Ordnance Survey


Dr Jekyll and Mr Hyde consider a new Geospatial Commission 6

It’s November, it’s budget time, it’s that moment when geo-geeks and OpenData enthusiasts scour the hundreds of pages of budget pronouncements searching for phrases like “Ordnance Survey”, “Land Registry” and “Open Data”. It’s amazing how often we have got a mention in the budget or spending review publications over the past decade, you’d think that with all of the challenges that the country has faced since the crash of 2008 that the Chancellor would have […]


The next PSMA may reshape Ordnance Survey 3

This advert recruiting for a “Head of Public Sector Mapping & Addressing Agreements Team” reminded me that the current Public Sector Mapping Agreement (PSMA for OS geeks and followers) is coming up for renegotiation with a deadline of end 2017 (presumably the new renegotiated agreement will come into effect on 1st April 2018). This a 2 year contract at a fairly senior level: We are looking for someone with strong commercials skills and ideally experience […]


Why OS refuses an exemption request

A few weeks ago I wrote about Ordnance Survey’s response to my FoI request regarding data exemptions and I must admit that I was pleasantly surprised at the high proportion of requests that were granted. The FoI response left a gap as far as I was concerned so I asked a follow up question “You state that refusals were because OS “considered the risk of release of the dataset, to OS or our partners, outweighed the positive […]


Ordnance Survey are pretty damn good at Derived Data exemptions 1

For those who are not clued up about the fine detail of derived data and exemption requests, the OS maintains that some data sets produced by it’s licensees may incorporate elements of OS data and thus be classified as derived data. If this is the case (most frequently where OS geometry is directly traced in the licensee’s data e.g. BLPU’s and planning application boundaries) then the licensee needs to request a derived data exemption under the […]


Drip, drip, drip – OS OpenWashing

Let me start by saying that I am a big fan of the Ordnance Survey and that I have many friends who work there or have worked there. Ordnance Survey’s detail, precision, currency and quality of mapping are the envy of many other countries and most of their staff seem to be dedicated to producing ever improving digital map products as their public task. So you are waiting for the ‘but’ and it is a big ‘but’. There […]


Dear Chancellor 2

The Right Honourable George Osborne 11 Down in the Street London Dear Chancellor I hope you are well. You must be looking forward to putting your feet up and sipping a nice single malt over the weekend after a the excitement of the budget. It’s been a pretty damn good week. Those nice people at OBR found you £27bn which came in pretty handy when you needed to ‘fine tune’ the austerity timetable. Then that amusing John […]


Ooooh – a round thing with spokes! 5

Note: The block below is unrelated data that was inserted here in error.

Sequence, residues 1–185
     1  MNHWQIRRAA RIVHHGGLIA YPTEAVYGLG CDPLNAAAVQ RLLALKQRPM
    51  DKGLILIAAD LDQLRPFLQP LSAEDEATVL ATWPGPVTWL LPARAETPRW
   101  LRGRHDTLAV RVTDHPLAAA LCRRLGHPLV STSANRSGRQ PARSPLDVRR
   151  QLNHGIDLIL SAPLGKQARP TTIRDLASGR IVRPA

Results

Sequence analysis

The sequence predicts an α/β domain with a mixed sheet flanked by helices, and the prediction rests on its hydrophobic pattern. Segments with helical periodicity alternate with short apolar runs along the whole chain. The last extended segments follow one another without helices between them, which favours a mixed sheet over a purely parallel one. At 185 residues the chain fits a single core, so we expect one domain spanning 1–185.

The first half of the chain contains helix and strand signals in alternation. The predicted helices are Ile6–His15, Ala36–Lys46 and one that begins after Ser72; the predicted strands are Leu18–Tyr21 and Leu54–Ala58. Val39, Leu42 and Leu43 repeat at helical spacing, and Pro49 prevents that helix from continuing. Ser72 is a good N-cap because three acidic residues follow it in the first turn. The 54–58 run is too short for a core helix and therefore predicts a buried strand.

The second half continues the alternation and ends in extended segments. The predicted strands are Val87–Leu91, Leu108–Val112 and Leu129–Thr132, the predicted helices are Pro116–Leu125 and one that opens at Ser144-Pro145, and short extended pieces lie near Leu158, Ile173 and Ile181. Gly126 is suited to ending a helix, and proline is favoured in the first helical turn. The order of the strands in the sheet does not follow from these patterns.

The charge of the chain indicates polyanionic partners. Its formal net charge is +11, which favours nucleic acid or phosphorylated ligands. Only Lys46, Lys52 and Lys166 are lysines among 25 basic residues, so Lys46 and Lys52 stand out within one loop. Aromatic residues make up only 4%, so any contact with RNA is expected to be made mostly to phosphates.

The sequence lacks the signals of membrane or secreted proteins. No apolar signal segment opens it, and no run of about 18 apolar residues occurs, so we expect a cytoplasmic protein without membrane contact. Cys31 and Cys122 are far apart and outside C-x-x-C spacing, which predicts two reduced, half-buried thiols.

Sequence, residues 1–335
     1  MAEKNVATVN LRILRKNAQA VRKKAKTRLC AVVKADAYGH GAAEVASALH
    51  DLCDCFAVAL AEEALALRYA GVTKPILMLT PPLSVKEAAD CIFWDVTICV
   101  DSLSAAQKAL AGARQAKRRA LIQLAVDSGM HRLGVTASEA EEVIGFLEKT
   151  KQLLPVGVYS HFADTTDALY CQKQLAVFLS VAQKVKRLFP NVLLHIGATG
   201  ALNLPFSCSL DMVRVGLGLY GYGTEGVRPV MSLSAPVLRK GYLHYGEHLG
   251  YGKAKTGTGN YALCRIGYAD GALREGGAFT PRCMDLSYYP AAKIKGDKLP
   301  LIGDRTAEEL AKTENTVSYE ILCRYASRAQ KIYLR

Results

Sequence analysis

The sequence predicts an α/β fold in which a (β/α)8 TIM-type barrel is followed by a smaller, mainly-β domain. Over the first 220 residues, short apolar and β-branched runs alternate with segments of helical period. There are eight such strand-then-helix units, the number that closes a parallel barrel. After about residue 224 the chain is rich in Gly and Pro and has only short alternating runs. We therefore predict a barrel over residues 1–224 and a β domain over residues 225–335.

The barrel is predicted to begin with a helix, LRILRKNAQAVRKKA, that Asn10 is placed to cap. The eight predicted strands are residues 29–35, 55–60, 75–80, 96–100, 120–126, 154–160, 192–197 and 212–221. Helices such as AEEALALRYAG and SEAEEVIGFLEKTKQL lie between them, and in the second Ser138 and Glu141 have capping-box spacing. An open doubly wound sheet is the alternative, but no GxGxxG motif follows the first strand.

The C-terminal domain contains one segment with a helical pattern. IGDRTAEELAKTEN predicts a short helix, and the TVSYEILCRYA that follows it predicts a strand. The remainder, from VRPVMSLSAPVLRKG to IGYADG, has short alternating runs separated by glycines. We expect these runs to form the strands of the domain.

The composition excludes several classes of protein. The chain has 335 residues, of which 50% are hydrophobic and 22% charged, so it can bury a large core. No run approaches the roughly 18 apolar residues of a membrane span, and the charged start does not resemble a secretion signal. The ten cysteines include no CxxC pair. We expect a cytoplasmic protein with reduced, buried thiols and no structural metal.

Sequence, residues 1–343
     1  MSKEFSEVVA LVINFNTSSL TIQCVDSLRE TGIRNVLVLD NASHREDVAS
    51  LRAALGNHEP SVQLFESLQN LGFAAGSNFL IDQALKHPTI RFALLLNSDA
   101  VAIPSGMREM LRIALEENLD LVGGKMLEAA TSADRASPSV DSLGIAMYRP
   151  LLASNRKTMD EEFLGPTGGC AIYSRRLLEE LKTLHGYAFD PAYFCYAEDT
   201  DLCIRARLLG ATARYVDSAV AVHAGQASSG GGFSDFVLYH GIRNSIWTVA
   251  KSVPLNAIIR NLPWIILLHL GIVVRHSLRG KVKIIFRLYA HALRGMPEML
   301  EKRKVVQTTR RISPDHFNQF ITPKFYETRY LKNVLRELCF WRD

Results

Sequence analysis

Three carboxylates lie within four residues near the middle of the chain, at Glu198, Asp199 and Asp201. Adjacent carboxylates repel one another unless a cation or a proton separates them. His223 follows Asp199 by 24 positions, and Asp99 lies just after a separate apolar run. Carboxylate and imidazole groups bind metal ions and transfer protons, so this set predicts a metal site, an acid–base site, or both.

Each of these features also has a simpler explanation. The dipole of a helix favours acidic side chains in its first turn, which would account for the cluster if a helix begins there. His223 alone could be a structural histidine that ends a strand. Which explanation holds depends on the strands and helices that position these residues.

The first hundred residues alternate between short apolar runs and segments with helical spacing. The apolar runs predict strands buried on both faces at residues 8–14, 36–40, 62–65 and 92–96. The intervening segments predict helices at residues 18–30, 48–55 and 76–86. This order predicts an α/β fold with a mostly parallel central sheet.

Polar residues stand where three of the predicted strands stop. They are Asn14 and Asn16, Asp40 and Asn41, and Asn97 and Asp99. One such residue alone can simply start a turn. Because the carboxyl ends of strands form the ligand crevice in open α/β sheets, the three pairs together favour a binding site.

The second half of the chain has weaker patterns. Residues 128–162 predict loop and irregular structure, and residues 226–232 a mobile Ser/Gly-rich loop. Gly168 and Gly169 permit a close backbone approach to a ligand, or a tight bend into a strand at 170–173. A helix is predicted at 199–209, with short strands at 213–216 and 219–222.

I picked up on the twitter conversation between my friend James Rutter and folk at CycleStreets about an application to Ordnance Survey’s GeoVation program for “a modern interface to UK wide planning application data“- note that OS is offering a share of £101,000 to the winners of this challenge, that’s quite a lot of taxpayer dosh. There was a tooing and froing about whether yet another initiative was needed to aggregate planning information. I have written before […]


Maybe, we shouldn’t create new OpenData? 3

This week I received a mail from Ordnance Survey inviting me to attend a launch of some new OS OpenData For the last few months, we have been very busy creating prototype OS OpenData products:1. OS Gazetteer of Great Britain – consisting of settlement names, road names and numbers and postcodes and their locations.2. OS Street View® – an enhanced street-level product that includes a lot of new map data features and content with an improved […]


Finding the cost of Open Data 2

https://youtu.be/U-Y0SMitMpk Apologies for the oddly targeted adverts in the video above but that’s the cost of free. We don’t have an option to vote or even express opinions on individual items of government expenditure in the UK, so I can’t say I’d like to spend £10bn on rail subsidies or pay 2p in the pound tax on the NHS or on education or 0p on Trident nuclear weapons (I haven’t got a clue whether those […]


And you thought the Address Wars were over? 1

  A few days ago the Royal Mail published some information on their new Pinpoint positional accuracy programme “Location-based information is used by the emergency services, satellite navigation systems and smartphone applications. We want to help improve the accuracy of this information. So, we are mapping address information which is accurate to the front door of every home and business in your area. This could, for example, help the satellite navigation systems in the cars […]


Satnav Summit – haven’t they got anything better to do? 1

I was just thinking it’s a while since I have been prompted to write a blog post and then this morning the Today program has a short feature on Norman Bakers proposed Satnav Summit and I’m awake and frothing (awful thought that you may not want to dwell on for too long). Apparently while the austerity agenda is savaging public services and job prospects across private and public sector  look grim, DfT think we need […]


When the left hand doesn’t know what the right hand is doing you can get into a Pickle

Government is a big place, so it isn’t surprising that different departments can have conflicting agendas or not always be completely in the loop about what others are up to. A couple of weeks ago an announcement came out of DCLG that a new wave of council openness was being hailed by Eric Pickles. A Code of Recommended Practice for council transparency is being published and “ministers are minded to make it legally binding” “The code of […]